Ennapadam Bhagavati

Bhagavathi at Ennapadam Temple at Kerala

Friday, September 30, 2011



The best tribute to myriad aspects of eternal India and its culture was paid by Mark Twain in his book Following the Equator in these words: 'This is indeed India! The land of dreams and romance, fabulous wealth and fabulous poverty, of splendour and rags, of palaces and hovels, of famine and pestilence, of genii and giants and Aladdin lamps, of tigers and elephants, the cobra and the jungle, the country of hundred nations and a hundred tongues, of a thousand religions and two million Gods, cradle of the human race, birthplace of human speech, mother of history, grandmother of legend, great-grandmother of traditions, whose yesterdays bear date with the smouldering antiquities of the rest of nations, the one country under the sun that is endowed with an imperishable interest for alien prince and alien peasant, for lettered and ignorant, wise and fool, rich and poor, bond and free, the one land that all men desire to see, and having seen once, by even a glimpse, would not give that glimpse for the shows of all the rest of the world combined. India has two million Gods, and worships them all. In religion all other countries are paupers; India is the only millionaire. 'So far as I am able to judge, nothing has been left undone, either by man or nature, to make India the most extraordinary country that the sun visits on his rounds. Nothing seems to have been forgotten, nothing overlooked.'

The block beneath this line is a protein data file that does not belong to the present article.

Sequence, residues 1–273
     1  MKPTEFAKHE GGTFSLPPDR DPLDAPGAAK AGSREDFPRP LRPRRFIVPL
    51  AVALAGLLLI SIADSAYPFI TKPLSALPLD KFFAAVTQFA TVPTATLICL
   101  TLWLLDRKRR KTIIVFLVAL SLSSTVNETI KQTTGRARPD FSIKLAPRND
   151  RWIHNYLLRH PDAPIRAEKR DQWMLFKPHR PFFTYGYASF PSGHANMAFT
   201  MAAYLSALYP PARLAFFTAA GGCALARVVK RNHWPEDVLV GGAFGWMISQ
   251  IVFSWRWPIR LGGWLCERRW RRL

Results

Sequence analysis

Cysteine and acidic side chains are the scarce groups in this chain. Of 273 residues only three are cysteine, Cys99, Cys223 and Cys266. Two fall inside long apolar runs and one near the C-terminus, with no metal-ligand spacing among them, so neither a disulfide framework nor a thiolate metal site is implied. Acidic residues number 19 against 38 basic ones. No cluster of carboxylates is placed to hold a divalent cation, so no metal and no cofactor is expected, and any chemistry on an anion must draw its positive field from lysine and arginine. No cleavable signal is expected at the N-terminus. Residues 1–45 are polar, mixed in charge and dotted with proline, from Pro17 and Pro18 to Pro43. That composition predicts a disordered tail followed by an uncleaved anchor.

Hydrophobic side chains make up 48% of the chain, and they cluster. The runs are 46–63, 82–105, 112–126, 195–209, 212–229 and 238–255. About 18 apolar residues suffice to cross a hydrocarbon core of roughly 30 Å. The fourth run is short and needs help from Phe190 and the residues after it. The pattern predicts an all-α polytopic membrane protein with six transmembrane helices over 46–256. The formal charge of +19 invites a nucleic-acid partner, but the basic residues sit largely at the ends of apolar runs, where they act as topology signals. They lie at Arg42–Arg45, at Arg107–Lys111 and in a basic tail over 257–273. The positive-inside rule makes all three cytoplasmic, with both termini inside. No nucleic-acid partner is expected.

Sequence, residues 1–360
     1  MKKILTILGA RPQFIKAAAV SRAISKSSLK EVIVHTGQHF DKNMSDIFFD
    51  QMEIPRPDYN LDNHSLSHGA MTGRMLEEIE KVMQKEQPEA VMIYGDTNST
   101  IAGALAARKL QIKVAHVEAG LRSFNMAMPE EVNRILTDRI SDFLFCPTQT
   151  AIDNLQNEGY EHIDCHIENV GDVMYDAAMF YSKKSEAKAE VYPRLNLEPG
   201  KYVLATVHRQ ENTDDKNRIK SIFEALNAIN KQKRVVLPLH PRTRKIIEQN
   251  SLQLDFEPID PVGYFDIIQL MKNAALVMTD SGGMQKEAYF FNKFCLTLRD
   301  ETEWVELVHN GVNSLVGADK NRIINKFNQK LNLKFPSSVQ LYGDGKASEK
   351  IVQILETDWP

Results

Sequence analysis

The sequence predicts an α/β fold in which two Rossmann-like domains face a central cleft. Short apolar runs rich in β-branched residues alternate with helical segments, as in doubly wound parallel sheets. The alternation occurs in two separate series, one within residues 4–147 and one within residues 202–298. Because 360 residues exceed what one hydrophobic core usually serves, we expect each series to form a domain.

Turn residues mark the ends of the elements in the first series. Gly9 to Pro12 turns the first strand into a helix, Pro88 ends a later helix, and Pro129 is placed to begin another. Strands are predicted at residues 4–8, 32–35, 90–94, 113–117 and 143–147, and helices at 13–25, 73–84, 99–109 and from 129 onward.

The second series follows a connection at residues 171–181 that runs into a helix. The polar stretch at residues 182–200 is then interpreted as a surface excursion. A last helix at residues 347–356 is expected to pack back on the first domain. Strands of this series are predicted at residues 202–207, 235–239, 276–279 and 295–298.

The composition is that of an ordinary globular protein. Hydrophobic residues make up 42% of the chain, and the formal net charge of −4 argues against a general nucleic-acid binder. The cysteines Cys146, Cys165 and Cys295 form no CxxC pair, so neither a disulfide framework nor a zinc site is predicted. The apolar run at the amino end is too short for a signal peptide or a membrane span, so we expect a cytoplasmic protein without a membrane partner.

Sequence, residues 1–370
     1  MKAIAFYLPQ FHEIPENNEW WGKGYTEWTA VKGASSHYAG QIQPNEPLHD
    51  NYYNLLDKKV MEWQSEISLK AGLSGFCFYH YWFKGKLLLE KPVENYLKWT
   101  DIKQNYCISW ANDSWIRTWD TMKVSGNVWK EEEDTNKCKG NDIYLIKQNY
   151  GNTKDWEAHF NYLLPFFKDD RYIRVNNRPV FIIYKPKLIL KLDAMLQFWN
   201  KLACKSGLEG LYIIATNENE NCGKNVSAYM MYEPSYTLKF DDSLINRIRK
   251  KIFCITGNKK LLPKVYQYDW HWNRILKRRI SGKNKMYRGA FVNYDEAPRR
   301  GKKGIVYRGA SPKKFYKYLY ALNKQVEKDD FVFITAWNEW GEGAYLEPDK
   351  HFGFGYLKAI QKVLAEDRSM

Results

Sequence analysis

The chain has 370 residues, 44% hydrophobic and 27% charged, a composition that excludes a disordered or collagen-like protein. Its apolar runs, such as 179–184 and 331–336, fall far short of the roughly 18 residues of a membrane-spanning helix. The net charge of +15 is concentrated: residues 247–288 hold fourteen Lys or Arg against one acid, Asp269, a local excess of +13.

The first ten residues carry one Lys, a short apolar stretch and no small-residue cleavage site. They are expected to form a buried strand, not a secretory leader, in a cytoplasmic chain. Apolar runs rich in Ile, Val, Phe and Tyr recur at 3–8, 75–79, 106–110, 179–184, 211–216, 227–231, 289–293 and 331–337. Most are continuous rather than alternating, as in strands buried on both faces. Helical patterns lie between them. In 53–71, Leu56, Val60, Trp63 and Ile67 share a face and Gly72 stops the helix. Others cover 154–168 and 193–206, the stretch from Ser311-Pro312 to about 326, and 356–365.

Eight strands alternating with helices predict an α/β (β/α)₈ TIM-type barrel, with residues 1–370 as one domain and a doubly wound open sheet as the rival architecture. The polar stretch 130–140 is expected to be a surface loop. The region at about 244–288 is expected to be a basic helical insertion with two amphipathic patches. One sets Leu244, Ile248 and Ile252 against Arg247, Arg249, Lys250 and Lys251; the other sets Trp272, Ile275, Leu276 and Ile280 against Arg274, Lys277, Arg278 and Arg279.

India is indeed a land of million Gods and billion festivals. India is a large, beautiful and bountiful country. While monotheistic faiths like Christianity and Islam believe in only one God, we Hindus are indeed blessed with a multitude of them. This is the Durga Puja season. While Durga Puja is the most important annual festival of Bengal, yet it has to be understood that it is celebrated on a grand scale every year in several other parts of India like Maharashtra, Madhya Pradesh, Bihar, Orissa, Andhra Pradesh and Karnataka as well. The Bengalis have appropriately coined a popular phrase: 'Baro mashey tero parban' meaning 12 months and 13 festivals! There are enough valid reasons for having so many of them. Our country is large, dialects are many, climatic conditions vary from area to area. Obviously, if one part of the country celebrates a festival to pay homage to the Gods for a good harvest, those in some other area will have to wait for their turn.

THE DURGA PUJA FESTIVAL BEGINS WITH MAHALAYA IN THE LAST WEEK OF SEPTEMBER OR FIRST WEEK OF OCTOBER DEPENDING UPON THE TIME OF SOLSTICES EVERY YEAR. Mahalaya is an auspicious occasion observed seven days before the Durga Puja, and heralds the advent of Durga, the goddess of supreme power. It's a kind of invocation or invitation to the mother goddess to descend on earth - Jago Tumi Jago. This is done through the chanting of mantras and singing devotional songs.

This festival is dedicated to celebrate the Glory of the Divine Mother Ma Durga. The religious and spiritual sanction for the celebration of the grand festival arises from Devi Mahatmiyam. This is a sacred text that sings the Glory of the Divine Mother. This text has 700 Slokas on Goddess Durga and is also called as DURGA SAPTASATHI or the CHANDI. This book has 13 chapters. Three aspects of the Divine Mother have been depicted in this Holy Book. They are Maha Kaali, Maha Lakshmi and Maha Saraswathi. The whole of Devi Mahatmiyam is chanted on special occasions especially during Navaratri (nine nights).